New is nice but recycled can feel better and save you time and money. Many materials are incredibly resilient to the test of time and can be reused. As you go on that mission to declutter your home, consider this: not everything has to be tossed or donated. Like the kettle-turned-flowerpot in the picture to the side, many pieces can be saved to have new uses.
Just keep one thing in mind: if you don’t have a use for an item right away, don’t keep it. Saving things for unknown future uses is how clutter stacks up in the first place! As you evaluate each item, ask yourself, “Can I use this right now? Do I have an immediate, specific purpose for it?” If yes, go ahead and use it! If not, add it to your donation bin.
With that said, here are some ideas for upcycling old items:
1. Turn an old blanket into an eye-catching accessory. Old blankets can begin to clutter by stacking up in corner of the room or taking up valuable ‘real estate’ on the closet shelf. Use these hearty pieces of material to reupholster a tired-looking ottoman or to make an assortment of throw pillows. But if you aren’t handy at the sewing machine and don’t know someone who is, these may be better off going to families who are in need and also many animal shelters and veterinarian clinics will take your old blankets and towels.
2. Glass jars are great for organizing. Whether you need a container for buttons, money or screws, a glass jar can do the job. No need to head to the store to buy containers! An old spaghetti sauce jar is just the right size for keeping tea bags fresh or for storing leftovers.
3. Ceramic soap dishes can be tiny, decorative organizers. That ceramic soap dish once served a purpose in your bath. However, times have changed and this piece of decor has been replaced with liquid soap containers. Repurpose an interesting dish for holding keys near the door, earrings and rings beside your bed, or books of matches beside the fireplace.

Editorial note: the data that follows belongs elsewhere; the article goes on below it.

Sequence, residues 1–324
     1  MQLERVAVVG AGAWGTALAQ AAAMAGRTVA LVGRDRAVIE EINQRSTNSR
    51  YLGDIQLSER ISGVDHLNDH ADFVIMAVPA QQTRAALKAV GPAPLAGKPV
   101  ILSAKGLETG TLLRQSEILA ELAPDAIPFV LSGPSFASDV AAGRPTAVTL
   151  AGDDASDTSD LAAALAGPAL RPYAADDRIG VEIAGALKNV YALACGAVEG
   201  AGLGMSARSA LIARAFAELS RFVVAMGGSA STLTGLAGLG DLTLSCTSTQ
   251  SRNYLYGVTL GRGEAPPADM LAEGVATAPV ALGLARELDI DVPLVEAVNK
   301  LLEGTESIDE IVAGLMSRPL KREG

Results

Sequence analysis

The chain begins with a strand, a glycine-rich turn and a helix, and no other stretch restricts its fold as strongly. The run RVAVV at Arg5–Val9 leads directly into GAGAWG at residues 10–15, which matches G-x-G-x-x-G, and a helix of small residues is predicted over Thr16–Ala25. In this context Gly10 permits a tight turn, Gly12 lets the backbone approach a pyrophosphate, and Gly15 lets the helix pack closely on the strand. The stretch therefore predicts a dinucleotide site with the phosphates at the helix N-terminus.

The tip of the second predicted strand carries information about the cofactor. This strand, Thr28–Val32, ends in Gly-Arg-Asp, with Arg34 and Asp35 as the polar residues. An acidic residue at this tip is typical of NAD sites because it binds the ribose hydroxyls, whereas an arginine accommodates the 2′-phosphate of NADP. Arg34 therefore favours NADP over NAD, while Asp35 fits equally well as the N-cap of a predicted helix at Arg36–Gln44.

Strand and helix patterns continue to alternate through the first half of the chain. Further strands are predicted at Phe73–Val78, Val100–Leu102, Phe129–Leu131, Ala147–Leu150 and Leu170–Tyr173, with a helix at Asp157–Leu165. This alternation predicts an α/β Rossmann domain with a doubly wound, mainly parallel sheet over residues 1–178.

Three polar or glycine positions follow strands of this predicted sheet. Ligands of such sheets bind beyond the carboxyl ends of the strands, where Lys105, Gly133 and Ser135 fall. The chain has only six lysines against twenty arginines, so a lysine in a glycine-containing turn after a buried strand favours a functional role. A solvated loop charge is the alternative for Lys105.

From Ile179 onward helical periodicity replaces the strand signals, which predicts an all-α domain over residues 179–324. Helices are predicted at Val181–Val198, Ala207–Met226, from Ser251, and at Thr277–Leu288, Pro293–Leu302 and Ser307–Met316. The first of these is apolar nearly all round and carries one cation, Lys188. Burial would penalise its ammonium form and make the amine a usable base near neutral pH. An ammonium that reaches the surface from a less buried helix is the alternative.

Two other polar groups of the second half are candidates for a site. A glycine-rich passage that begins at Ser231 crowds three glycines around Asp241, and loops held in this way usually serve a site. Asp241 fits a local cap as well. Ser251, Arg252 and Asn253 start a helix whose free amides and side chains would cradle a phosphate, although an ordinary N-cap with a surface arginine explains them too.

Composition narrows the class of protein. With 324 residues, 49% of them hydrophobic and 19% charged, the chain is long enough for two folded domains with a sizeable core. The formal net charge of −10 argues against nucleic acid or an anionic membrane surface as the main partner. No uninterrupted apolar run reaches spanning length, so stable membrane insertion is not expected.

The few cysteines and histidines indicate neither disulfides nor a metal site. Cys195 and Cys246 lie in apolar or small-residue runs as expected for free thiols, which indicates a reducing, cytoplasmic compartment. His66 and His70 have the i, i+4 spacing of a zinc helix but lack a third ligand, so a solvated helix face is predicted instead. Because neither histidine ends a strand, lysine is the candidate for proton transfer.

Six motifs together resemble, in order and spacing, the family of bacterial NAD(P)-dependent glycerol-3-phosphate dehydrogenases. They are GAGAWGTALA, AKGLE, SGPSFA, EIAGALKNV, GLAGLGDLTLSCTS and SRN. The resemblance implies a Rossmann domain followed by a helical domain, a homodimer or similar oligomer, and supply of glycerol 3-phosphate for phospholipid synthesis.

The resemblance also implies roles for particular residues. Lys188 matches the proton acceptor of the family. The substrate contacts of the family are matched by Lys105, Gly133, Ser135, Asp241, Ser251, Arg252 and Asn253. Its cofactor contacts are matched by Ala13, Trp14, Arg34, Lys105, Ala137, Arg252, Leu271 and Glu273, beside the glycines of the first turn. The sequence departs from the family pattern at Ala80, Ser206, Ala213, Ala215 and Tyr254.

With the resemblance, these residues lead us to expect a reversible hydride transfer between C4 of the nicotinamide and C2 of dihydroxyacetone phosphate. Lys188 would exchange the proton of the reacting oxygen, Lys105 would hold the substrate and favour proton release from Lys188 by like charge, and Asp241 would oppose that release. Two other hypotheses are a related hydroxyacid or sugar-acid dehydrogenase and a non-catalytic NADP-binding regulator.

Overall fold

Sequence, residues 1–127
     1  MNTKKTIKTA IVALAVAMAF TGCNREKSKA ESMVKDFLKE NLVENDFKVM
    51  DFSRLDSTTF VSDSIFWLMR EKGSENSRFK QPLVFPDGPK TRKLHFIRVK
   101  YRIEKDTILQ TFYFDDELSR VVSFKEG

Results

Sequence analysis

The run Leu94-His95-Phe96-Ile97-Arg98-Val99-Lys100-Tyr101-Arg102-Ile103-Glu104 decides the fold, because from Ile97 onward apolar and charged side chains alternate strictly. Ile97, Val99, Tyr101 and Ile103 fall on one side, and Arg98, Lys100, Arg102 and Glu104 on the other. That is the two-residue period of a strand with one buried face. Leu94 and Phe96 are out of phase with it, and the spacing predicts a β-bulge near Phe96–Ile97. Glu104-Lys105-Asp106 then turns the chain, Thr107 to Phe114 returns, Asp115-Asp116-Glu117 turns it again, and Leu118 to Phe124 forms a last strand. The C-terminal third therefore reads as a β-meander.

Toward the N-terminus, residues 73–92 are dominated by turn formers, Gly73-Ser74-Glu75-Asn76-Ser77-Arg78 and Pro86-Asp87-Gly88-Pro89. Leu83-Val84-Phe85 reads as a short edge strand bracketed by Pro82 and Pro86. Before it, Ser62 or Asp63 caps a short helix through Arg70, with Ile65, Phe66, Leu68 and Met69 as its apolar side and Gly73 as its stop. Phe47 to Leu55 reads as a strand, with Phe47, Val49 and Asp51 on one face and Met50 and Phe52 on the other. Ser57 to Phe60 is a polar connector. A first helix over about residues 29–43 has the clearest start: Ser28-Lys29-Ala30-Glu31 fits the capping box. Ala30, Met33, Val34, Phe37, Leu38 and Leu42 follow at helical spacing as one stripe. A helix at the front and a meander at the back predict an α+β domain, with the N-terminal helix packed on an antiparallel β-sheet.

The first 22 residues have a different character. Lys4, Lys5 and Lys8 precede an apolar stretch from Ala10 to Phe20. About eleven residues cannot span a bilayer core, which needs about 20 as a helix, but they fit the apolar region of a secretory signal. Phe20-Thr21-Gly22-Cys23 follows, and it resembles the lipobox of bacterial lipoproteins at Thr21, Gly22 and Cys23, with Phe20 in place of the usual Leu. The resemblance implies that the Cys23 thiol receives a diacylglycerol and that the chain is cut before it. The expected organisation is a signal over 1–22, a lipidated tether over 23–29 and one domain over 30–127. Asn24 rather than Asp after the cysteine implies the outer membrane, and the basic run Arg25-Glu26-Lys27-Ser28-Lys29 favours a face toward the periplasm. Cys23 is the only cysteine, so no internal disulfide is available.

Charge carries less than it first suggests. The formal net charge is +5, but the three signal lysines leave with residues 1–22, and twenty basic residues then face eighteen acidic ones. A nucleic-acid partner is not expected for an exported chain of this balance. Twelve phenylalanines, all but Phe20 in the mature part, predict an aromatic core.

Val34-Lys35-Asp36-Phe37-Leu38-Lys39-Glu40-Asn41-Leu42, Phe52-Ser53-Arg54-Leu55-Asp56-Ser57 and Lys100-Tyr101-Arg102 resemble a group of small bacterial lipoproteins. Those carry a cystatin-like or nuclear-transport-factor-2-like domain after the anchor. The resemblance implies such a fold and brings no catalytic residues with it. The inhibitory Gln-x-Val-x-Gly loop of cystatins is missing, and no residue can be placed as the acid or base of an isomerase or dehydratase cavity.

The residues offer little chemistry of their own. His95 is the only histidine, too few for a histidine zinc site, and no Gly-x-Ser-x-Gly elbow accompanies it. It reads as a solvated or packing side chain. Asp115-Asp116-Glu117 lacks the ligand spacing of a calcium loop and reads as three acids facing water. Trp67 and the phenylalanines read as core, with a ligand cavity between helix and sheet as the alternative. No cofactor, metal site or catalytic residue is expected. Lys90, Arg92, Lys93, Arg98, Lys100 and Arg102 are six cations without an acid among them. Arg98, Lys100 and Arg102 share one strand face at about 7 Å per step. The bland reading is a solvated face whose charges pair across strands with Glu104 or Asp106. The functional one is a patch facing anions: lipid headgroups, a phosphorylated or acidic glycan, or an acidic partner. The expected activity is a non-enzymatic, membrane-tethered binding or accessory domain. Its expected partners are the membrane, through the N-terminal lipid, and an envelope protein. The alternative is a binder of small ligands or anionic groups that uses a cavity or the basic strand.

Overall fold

4. Plastic gardening pots can help you organize your shed. Organizing a garden shed or porch often means collecting old plastic gardening pots. Use these to sort and store tools, fertilizer, and other outdoor implements. Save a few for collecting and rinsing vegetables from the garden. If you still have some left over, take them to your local garden center. They will appreciate your donation and possibly saving them some money as well.
5. Scrap wood is natural and artistic. When you discover a piece of wood on a declutter mission, hold it up and consider the possibilities. There are countless areas in a home that can stand a note board or a towel rack. A simple piece of wood can aid in organizing almost any area and can look great. If the wood piece is rotting or moldy, or you can’t think of any creative use for it, toss it out.
6. Brighten up a home office with scraps of old wallpaper. Are you an arts-and-crafts kind of person? Leftover wallpaper does not have to be trashed. The prints can liven up pencil holders, hanging file folders or doors on bland cabinets. The prints will add a little comfort and beauty in your work day.
7. Ice buckets make a brilliant come back. If you find an ice bucket among the cabinet clutter, put it to good use. Depending on the size, a small ice bucket can come in handy as a counter top compost bin or a catch-all for a child’s room. Use as a decorative planter for household herbs or flowers, as ice buckets are designed to hold water.
Too much clutter can make a home look small, dull and jumbled. However, not everything needs to head to the landfill or the donation center. With a little imagination, recycled and repurposed items can take on a whole new life of their own.